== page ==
The New Opportunities Fund distributes National Lottery money to health, education and environment projects across the UK. We support sustainable projects that will: improve the quality of life of people throughout the UK; address the needs of those who are most disadvantaged in society; encourage community participation; complement relevant local and national strategies and programmes. Funding for programmes is divided between England, Scotland, Northern Ireland and Wales on the basis of population weighted to reflect levels of deprivation.
The programme will enable adults to access information and communications technology (ICT) learning opportunities. The programme will support the development and running of a network of ICT learning centres with online computer access to information and community resources. To date (including projects covered by this announcement) over£55 million has been awarded to over 530 UK projects.£100m has been set apart for the People's Network which is putting computer technology into public libraries. The People's Network is a comprehensive programme of public ICT provision co-ordinated by Resource: The Council for Museums, Archives and Libraries, a strategic agency working with museums, archives and libraries. Resource has three main objectives, to provide strategy, advocacy and advice. The organisation undertakes work in all three of these areas to improve the context in which museums, archives and libraries operate and to improve services for users and potential users. Resource provides expert advice and guidance on the development and implementation of the New Opportunities Fund Digitisation of Learning Materials Programme as part of its work with the Fund on the management of the People's Network project.
ICT TRAINING launched 1999
£230m for ICT training for teachers and school librarians;£20 million for ICT training for public library staff.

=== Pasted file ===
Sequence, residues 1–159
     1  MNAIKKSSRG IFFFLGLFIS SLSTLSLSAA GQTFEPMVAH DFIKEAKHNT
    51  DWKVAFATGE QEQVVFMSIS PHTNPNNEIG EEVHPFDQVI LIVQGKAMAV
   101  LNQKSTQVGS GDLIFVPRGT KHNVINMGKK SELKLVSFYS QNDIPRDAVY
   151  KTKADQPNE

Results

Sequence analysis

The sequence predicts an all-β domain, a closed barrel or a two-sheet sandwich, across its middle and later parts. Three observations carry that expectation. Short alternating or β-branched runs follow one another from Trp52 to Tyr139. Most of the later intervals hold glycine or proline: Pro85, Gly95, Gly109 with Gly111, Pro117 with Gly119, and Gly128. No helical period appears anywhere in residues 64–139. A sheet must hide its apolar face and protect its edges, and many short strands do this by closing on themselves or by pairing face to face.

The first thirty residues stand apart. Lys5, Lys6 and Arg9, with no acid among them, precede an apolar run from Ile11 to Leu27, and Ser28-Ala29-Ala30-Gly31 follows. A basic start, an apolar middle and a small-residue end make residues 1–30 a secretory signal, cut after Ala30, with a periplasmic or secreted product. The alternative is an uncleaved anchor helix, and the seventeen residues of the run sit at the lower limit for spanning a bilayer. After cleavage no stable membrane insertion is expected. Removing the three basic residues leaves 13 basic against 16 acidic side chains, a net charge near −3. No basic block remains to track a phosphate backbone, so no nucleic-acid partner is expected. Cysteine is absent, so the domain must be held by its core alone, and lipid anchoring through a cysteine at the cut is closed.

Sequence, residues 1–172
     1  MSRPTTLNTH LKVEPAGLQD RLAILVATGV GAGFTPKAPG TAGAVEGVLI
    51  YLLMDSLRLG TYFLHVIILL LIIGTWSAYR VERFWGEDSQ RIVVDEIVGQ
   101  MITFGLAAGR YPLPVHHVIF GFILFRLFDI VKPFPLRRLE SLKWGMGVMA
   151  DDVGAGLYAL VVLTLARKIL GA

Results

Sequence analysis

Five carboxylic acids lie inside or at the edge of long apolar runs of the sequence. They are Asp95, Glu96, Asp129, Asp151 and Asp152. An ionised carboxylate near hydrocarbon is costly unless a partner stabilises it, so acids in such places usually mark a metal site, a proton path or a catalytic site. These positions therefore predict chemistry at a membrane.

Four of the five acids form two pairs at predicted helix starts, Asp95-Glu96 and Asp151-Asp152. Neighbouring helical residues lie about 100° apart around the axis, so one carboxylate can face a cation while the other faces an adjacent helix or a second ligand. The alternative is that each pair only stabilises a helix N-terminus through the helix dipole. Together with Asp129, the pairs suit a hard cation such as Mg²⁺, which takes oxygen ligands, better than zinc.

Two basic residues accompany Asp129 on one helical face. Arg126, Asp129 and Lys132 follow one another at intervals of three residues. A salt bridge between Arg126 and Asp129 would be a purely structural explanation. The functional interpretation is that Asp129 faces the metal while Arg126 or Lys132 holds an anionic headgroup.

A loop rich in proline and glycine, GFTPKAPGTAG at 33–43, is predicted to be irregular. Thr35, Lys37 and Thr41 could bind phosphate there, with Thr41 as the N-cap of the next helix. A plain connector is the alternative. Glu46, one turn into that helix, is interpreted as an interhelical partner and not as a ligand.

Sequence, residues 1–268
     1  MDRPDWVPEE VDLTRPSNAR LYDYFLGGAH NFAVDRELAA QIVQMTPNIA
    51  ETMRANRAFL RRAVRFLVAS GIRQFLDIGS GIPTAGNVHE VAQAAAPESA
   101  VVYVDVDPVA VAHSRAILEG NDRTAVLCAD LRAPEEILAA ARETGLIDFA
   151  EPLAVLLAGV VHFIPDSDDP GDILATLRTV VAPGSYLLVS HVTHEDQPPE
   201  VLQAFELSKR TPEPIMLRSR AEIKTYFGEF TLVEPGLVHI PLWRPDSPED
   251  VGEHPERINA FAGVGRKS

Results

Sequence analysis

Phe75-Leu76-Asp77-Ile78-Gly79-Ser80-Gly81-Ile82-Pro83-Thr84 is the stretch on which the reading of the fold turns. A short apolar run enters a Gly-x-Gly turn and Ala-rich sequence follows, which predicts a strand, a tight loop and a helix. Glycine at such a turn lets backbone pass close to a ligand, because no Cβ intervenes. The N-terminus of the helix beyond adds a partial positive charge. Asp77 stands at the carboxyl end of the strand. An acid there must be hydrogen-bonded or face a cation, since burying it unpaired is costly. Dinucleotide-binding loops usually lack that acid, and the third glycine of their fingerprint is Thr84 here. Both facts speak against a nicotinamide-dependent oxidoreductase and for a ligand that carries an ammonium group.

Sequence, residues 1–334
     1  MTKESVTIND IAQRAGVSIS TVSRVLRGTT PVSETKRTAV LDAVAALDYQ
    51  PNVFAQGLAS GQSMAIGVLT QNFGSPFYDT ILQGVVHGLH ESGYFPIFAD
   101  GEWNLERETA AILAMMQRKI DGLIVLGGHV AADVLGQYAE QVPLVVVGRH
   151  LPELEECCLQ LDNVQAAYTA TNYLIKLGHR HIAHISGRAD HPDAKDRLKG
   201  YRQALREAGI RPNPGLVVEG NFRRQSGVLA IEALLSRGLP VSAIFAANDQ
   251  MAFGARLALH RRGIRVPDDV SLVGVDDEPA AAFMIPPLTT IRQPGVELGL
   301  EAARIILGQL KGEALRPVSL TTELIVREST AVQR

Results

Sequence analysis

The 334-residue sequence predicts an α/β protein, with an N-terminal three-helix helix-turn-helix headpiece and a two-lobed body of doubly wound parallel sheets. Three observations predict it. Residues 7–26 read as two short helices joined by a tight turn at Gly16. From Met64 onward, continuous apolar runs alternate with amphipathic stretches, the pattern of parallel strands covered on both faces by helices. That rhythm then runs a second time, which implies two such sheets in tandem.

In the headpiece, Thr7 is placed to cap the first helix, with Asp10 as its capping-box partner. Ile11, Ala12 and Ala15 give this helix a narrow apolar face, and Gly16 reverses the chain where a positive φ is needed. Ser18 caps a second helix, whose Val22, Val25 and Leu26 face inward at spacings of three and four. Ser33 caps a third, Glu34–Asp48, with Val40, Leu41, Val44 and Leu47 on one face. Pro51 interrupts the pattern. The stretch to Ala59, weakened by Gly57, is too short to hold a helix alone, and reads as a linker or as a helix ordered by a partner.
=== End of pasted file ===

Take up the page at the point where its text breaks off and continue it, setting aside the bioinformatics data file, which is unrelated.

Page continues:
More than 150 grants have been awarded by the Fund through its£50m digitisation programme (2nd July 2001). A range of national, regional and local organisations are now developing a rich and imaginative range of electronic learning materials and information reflecting cultural heritage and community wealth and diversity UK-wide, which will support lifelong learning.
OUT OF SCHOOL HOURS LEARNING -£205m launched April 1999
Is available to create and develop regular out of school hours learning activities involving half of all secondary and special schools and a quarter of all primary schools around the school day, weekends and in the holidays.£25m has been specifically dedicated to creating new summer school places for 250,000 pupils. The programme is closed for applications (except for summer schools and these are due in by 3 September 2001).
OUT OF SCHOOL HOURS CHILDCARE -£220m launched March 1999
£220m is available to create new childcare places for 865,000 children across the UK by 2003. The programme complements the government's National Childcare Strategy, and the equivalent strategies in Scotland, Wales and Northern Ireland.
* A further£198.5m is available for childcare projects UK-wide. Part of the funding will go towards extending the programme: grants will be offered for two and three years in areas of particular disadvantage.